Jacqueline Scott: Complexities of the Cold War

Name: Jacqueline Scott
Home University: Vanderbilt University
Summer 2014 Courses at DIS: The Enemy Within: Spies, Espionage, and the Cold War, Roskilde Festival: Community, Culture, and Creativity, The World of Vikings: Facts, Fiction, and Fantasy

When someone says Cold War, does Denmark immediately come to mind? It certainly didn’t for me until I began The Enemy Within: Spies and Espionage in the Cold War one week ago (a week which has flown by!). The course is a fast-paced, multifaceted exploration of the various vantages and fronts of the Cold War on macro and micro levels and dives into the culture of espionage and intelligence gathering. As many students in my class have agreed, the Cold War is almost a too complex subject to cover holistically in historical survey courses, so this opportunity to explore the profound ideological battle of the twentieth century from an alternative, non-American perspective is very special. I feel like my eyes have been opened to historical background that gave rise to the ideological tension between capitalism and communism, the complexities facing all sides, and the intricacies of intelligence gathering and ‘the blame game.’ Especially in lieu of the recent events in Crimea, the content is extremely important not only as a student but as a world citizen.

MissilesBut back to Denmark – why did it matter? Denmark was an exposed member of NATO being so far east yet had the distinct position of serving as a geographic bottleneck in the Baltic to all Warsaw Pact ships and planes traveling westward and proved a key asset for intelligence gathering. On our second day of class we visited the Stevnsfort Cold War Museum, once used by Danish Military as a secret defensive and monitoring hub. During the height of the Cold War, Danish military staff were prepared for attack around the clock, as Stevnsfort would have been a key Soviet target, and took constant surveillance of ships, planes, and radio frequencies. The fort was also equipped with heavy artillery and missiles. As our instructor Jørgen Brandsborg, a Lieutenant Commander in the Royal Danish Navy and intelligence case officer, described – tension was very high. A nuclear-attack proof underground fortress was added in the 1980s consisting of 1.7 km of passages 18 meters below group.

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Our wonderful guide along with our instructors provided great insight in to the operations of the fort, and the underground fortress was especially fascinating. I was shocked by how important and influential Danish intelligence was during this time and what I’ve learned about the complexities among those nations nearest the Iron Curtain – a perspective perhaps not gained from across the Atlantic. Jørgen and Matthias Bjørnlund, our other instructor who is an expert archival historian, have a wonderful chemistry of shared knowledge yet different perspectives and push us to critically question information – a task especially important in the Cold War world of propaganda, espionage, and coercion. Of particular interest to me has been the gaining insight into perspectives that are more critical of American intentions and actions – Was the United States the actors or reactors? Was the Cold War inevitable or preventable? These larger questions mixed with vast exploration of intelligence gathering (CIA, OSS, KGB, Stasi . . . I’m learning more acronyms every day) fulfills DIS’s mission of learning in a holistically in non-traditional way.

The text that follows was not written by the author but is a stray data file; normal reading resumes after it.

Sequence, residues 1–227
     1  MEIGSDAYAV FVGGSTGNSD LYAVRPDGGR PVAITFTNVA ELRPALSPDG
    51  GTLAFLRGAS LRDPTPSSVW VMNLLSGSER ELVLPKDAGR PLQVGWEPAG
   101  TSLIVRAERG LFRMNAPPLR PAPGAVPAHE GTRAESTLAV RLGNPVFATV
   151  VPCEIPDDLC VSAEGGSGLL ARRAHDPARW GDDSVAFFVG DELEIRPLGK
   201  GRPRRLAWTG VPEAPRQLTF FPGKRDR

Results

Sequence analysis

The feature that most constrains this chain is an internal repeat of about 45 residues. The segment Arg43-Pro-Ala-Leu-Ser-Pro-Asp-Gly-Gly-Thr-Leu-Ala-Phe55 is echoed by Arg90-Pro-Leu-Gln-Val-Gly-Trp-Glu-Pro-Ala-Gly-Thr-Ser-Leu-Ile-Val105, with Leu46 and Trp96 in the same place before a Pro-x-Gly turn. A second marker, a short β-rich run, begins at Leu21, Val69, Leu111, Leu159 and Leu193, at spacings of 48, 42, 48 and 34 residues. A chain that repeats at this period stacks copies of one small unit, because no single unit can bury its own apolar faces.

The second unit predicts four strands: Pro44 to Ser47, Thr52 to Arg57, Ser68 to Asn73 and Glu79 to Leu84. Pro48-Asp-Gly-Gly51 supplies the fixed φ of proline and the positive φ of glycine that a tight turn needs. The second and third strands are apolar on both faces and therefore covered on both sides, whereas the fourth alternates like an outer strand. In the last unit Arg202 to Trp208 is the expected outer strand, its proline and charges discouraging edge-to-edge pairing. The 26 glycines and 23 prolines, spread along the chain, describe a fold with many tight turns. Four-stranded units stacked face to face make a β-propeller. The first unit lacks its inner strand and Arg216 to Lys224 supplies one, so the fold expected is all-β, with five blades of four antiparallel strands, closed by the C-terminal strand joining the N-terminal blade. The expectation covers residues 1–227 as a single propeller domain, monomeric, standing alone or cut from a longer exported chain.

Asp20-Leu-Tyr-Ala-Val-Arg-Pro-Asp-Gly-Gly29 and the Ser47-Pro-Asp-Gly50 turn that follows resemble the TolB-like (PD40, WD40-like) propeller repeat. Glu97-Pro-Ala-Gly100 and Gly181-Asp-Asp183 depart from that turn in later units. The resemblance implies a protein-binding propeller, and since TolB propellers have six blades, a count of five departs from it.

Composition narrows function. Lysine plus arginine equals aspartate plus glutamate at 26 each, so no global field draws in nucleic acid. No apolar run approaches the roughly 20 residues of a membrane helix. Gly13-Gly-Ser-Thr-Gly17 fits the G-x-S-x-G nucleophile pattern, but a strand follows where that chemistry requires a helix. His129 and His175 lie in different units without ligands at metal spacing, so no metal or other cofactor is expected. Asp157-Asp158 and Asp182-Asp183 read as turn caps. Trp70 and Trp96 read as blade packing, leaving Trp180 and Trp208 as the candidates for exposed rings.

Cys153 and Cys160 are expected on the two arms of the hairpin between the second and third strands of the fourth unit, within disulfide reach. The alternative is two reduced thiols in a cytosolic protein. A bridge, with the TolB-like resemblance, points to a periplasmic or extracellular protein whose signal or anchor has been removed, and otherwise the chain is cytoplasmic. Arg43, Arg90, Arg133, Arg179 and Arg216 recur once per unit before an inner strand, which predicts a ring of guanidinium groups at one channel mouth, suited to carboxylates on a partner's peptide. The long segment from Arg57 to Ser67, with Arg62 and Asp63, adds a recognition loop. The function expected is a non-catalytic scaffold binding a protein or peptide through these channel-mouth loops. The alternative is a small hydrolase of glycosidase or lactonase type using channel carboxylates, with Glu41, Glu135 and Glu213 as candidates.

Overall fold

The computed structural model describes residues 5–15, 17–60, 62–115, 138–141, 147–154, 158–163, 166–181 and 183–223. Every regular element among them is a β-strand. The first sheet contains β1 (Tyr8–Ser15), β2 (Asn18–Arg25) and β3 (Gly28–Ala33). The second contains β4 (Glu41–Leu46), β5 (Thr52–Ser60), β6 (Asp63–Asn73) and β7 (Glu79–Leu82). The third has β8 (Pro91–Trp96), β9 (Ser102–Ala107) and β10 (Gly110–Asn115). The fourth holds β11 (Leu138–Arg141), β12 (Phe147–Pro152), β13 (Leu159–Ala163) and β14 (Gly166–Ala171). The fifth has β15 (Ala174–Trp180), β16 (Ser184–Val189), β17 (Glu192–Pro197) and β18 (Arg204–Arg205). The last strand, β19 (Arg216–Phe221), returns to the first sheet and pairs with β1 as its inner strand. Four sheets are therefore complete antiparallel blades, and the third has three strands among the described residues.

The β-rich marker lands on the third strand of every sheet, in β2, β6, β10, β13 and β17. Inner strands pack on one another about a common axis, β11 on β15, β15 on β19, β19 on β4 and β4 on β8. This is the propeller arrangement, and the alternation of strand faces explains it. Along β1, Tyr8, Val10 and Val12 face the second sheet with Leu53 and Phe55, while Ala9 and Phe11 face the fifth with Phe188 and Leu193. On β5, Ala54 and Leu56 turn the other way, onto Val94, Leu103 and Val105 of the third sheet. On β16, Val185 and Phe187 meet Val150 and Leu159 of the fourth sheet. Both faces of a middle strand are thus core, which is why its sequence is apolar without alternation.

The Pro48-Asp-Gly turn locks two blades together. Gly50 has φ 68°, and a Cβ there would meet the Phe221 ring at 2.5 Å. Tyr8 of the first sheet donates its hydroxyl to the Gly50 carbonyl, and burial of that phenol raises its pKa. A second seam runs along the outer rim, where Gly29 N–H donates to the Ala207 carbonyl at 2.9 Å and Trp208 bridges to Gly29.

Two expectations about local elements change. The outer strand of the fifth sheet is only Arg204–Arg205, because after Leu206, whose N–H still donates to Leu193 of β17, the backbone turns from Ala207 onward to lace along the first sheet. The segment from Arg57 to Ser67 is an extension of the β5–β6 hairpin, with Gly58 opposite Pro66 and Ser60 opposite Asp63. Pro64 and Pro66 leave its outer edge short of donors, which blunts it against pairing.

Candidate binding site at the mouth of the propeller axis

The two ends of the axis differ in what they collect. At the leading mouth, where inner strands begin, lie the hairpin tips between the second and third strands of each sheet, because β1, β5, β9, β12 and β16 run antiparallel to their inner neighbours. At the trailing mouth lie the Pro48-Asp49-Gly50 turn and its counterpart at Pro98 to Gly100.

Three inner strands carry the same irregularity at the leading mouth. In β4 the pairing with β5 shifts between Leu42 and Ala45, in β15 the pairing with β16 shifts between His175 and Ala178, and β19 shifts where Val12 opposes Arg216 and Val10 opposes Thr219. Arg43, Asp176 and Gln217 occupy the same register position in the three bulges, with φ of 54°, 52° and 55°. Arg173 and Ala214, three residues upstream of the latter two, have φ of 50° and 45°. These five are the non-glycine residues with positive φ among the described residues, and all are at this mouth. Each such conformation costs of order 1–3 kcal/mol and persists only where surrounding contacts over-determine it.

The windy Baltic with Liamarie!
The windy Baltic with Liamarie!

Did I forget to mention that Mattias and Jørgen are wickedly knowledgeable and funny? Here is an assortment of my favorite quotes they’ve uttered – their own words and those of others.

“The enemy of our enemy is our friend.” (a general theme of Cold War relations)

“We’re in Europe – that’s where history comes from.” (One of Jørgen’s favorite lines)

“It has been said that democracy is the worst form of government except all the others that have been tried.” – Churchill

“Terror is the quickest way to new society.” – Joseph Stalin

Photo credits to my talented friend and classmate, Liamarie Quinde!

One thought

  1. You present fascinating, timeless, and universal dilemmas…information accessibility within & beyond borders.
    A favorite read:
    Sweet Tooth
    Ian McEwan, 2012
    Knopf Doubleday
    320 pp.
    ISBN-13: 9780385536820

    In this stunning novel, Ian McEwan’s first female protagonist since Atonement is about to learn that espionage is the ultimate seduction.

    Cambridge student Serena Frome’s beauty and intelligence make her the ideal recruit for MI5. The year is 1972. The Cold War is far from over. England’s legendary intelligence agency is determined to manipulate the cultural conversation by funding writers whose politics align with those of the government. The operation is code named “Sweet Tooth.”

    Serena, a compulsive reader of novels, is the perfect candidate to infiltrate the literary circle of a promising young writer named Tom Haley. At first, she loves his stories. Then she begins to love the man. How long can she conceal her undercover life? To answer that question, Serena must abandon the first rule of espionage: trust no one.

    Once again, Ian McEwan’s mastery dazzles us in this superbly deft and witty story of betrayal and intrigue, love and the invented self. (From the publisher.)

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